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Inspired by this question - can an agile shop really score 12 on the Joel Test: Can you come up with explanations or examples where a software development organization satisfies technically all 12 points of the Joel Test, but fails to live up to the agile or lean principles?

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up vote 4 down vote accepted

Having an up to date spec is possible with a big design upfront process, one with lots of text and diagrams that are written as a contract. That's hardly agile.

I am tempted to say a quiet team room is also not agile, agile is all about communication, team work, pair programming, collaborating, shared goals. A quiet room might actually mean it's not really a team just a group of peeps in the same room.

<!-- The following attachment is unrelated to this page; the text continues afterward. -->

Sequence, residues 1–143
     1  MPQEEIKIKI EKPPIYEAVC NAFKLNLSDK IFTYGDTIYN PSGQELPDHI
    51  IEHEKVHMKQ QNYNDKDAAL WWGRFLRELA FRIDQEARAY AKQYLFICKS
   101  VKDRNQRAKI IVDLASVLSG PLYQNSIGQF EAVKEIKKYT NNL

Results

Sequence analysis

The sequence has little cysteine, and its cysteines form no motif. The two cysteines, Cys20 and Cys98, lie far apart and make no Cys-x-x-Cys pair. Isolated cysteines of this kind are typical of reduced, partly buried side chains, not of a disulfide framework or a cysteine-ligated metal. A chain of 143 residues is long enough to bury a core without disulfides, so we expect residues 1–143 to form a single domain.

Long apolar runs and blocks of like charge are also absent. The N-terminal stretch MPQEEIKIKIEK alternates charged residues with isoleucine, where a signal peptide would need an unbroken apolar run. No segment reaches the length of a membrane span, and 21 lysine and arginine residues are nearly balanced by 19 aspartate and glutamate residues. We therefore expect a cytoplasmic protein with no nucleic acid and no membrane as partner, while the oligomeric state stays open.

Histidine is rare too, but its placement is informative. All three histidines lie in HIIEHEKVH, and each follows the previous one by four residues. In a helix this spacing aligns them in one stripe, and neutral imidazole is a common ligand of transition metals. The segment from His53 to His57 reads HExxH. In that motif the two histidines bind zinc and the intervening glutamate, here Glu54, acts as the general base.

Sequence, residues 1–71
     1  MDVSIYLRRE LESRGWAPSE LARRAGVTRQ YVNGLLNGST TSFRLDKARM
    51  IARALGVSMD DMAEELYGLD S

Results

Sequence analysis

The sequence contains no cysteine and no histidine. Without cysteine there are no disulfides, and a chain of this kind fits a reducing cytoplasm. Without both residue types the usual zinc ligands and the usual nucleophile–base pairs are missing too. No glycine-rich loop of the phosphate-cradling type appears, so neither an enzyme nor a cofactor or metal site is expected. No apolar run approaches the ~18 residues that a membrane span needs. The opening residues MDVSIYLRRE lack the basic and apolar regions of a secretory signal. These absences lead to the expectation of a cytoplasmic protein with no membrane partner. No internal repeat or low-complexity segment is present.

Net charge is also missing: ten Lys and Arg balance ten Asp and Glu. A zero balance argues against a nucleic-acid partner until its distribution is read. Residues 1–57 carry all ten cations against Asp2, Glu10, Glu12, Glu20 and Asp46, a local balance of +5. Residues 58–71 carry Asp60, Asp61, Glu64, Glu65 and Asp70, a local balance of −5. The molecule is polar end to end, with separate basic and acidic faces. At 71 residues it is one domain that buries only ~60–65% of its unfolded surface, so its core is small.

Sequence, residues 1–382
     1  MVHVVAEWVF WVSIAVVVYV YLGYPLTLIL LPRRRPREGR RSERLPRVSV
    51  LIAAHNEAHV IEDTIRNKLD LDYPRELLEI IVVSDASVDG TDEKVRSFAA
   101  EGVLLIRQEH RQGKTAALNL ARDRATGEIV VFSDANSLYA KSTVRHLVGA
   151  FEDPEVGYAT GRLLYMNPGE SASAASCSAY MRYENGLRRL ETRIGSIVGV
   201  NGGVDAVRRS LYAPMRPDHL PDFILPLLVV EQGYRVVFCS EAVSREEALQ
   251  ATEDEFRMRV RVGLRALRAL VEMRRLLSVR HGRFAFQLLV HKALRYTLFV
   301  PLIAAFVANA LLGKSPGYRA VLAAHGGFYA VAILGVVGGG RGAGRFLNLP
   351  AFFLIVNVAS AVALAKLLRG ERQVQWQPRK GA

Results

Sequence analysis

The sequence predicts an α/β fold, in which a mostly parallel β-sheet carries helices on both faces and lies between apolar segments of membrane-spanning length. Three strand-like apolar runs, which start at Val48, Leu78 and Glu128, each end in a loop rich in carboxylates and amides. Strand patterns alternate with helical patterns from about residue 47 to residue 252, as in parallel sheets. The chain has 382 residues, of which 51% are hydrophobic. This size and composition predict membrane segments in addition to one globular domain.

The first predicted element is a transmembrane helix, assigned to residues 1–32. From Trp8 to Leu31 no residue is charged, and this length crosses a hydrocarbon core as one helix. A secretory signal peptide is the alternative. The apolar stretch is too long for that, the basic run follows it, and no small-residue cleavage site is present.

A bug database can be considered unnecessary inventory in lean terms.. either fix them or don't.. Piling them up is waste. Having this many bugs that one needs to track them may be indication of a broken process, it's fighting symptoms not the root problem.

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Automated tests are a spec, the very best kind of spec. – kevin cline Mar 17 '11 at 4:01
A set of bug cards on the wall is a "bug database" – Ian Jul 18 '11 at 11:06
"A quiet room might actually mean it's not really a team just a group of peeps in the same room.": Not necessarily. A well-functioning team will reduce communication to the essential and concentrate on getting work done. – Giorgio Dec 22 '14 at 19:14

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